Yet, with linear algebra, French verb conjugations, calculus, Arabic script and eigenvectors set to the side, even the frolicking course replacements — chanting, reciting a poem, beating on a drum, expounding about one’s tattoos — aren’t subject to the traditionally rigorous grading standards of the past. Indeed, almost everyone in college these days receives laudatory grades. A recent study in Teachers College Record, found that 43 percent of all grades awarded at American colleges and universities were A’s. Only 10 percent of marks handed out by professors were D’s and/or F’s. USA Today commented appropriately on this study, noting that “over the last 50 years universities created a narrative that excellence was everywhere but failure was virtually non-existent.”

Banishing mathematics and foreign languages from college campuses, intimidating professors into rubber-stamping A’s onto everything thrown at them by students, and filling the curriculum with such vapid offerings as Arguing with Judge Judy, Klingon Culture, Alien Sex, Cyberporn and Society, the Philosophy of the Simpsons, and other mind-numbingly insipid courses isn’t enough. The final chain-breaking act of liberation by students must be to revoke from teachers the authority to do anything but validate and praise them. Hence, the great push currently to formalize the mantra that there is nothing wrong with anyone but just the world to blame for failing to give everyone pats on the back, meaning that there should be no grades at all. At a dozen schools students are actually telling their teachers to put away their scoring rubrics and they’re getting their way. At one such institution where students are convinced that no one should grade their academic performance, Evergreen State College, their inviolability has also given rise to the even more eye-brow raising conclusion that on days of their choosing all persons, including teachers, of a certain unwelcome racial color should be constrained to remove themselves from campus.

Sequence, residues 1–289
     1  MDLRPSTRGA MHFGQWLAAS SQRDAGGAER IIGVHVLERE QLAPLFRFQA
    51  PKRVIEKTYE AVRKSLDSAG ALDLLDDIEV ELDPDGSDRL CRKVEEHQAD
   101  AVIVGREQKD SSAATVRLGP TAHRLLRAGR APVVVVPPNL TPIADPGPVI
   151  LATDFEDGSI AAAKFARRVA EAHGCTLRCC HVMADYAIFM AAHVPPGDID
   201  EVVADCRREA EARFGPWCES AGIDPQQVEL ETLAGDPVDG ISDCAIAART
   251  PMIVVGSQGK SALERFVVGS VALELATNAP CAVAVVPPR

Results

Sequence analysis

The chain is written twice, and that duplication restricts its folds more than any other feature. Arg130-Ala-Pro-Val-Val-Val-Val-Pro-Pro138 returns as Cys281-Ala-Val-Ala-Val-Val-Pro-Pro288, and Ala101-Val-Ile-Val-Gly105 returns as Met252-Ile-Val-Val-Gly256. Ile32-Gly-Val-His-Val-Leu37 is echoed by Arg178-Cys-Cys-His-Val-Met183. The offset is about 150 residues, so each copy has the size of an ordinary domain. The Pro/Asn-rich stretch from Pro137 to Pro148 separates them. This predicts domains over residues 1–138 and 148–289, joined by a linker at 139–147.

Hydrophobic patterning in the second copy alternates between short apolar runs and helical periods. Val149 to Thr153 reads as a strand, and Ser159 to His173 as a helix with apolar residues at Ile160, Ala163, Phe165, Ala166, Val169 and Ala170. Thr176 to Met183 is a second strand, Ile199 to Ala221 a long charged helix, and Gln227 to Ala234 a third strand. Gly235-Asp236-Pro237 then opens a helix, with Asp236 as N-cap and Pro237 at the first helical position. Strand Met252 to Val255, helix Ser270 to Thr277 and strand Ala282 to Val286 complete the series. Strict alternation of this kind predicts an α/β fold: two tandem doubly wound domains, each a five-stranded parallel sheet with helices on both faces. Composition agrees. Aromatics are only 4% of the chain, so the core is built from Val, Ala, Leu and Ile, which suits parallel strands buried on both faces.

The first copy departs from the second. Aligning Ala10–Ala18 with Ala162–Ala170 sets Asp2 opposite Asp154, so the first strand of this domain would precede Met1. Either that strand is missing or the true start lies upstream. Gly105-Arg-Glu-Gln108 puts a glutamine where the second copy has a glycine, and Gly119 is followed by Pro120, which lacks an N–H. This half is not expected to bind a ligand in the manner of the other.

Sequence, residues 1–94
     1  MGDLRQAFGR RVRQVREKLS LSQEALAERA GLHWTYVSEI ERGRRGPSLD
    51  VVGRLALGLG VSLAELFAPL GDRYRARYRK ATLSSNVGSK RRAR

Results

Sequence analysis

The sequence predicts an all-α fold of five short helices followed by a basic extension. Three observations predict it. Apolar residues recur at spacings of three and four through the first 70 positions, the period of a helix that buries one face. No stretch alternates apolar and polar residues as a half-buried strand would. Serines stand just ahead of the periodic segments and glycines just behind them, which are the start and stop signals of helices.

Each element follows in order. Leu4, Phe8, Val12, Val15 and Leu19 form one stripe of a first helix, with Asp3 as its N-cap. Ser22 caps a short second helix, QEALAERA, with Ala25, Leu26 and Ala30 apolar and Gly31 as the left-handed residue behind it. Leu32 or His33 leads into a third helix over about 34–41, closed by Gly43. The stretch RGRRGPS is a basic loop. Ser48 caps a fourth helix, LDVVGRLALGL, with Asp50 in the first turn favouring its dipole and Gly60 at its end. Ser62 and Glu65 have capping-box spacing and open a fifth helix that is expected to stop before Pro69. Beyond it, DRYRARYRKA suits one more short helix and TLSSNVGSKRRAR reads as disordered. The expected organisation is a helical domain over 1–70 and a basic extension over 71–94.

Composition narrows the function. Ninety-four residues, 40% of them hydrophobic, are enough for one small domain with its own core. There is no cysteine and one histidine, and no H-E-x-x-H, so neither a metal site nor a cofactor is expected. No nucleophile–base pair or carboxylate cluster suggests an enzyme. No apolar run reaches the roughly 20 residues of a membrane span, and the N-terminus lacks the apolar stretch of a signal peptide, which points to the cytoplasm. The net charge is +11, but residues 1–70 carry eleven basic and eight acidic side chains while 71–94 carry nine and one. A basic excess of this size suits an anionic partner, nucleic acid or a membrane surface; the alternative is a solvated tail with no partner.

Even with degree in hand though, only 30 percent of recent college graduates can interpret a food label correctly; the complexities of calories, grams, servings, and ingredients exacting simply too much mental pressure. That figure is down from 40 percent only a decade ago. In the future we may regret to admit that someone who can both read the cooking instructions and boil the water as well may count as a comparative genius.

David Nabhan is a science writer, the author of "Earthquake Prediction: Dawn of the New Seismology" (2017) and three previous books on earthquakes. Nabhan is also a science fiction writer ("Pilots of Borealis," 2015) and the author of many scores of newspaper and magazine op-eds. Nabhan has been featured on television and talk radio all over the world. His website is www.earthquakepredictors.com. To read more of his reports — Click Here Now.

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It seems almost impossible to give credence to current studies that portray staggering percentages of young adults are frighteningly unskilled when faced with the most simple and basic tasks.
higher learning, college, competency, science, liberal arts
869
2017-38-22
Friday, 22 September 2017 04:38 PM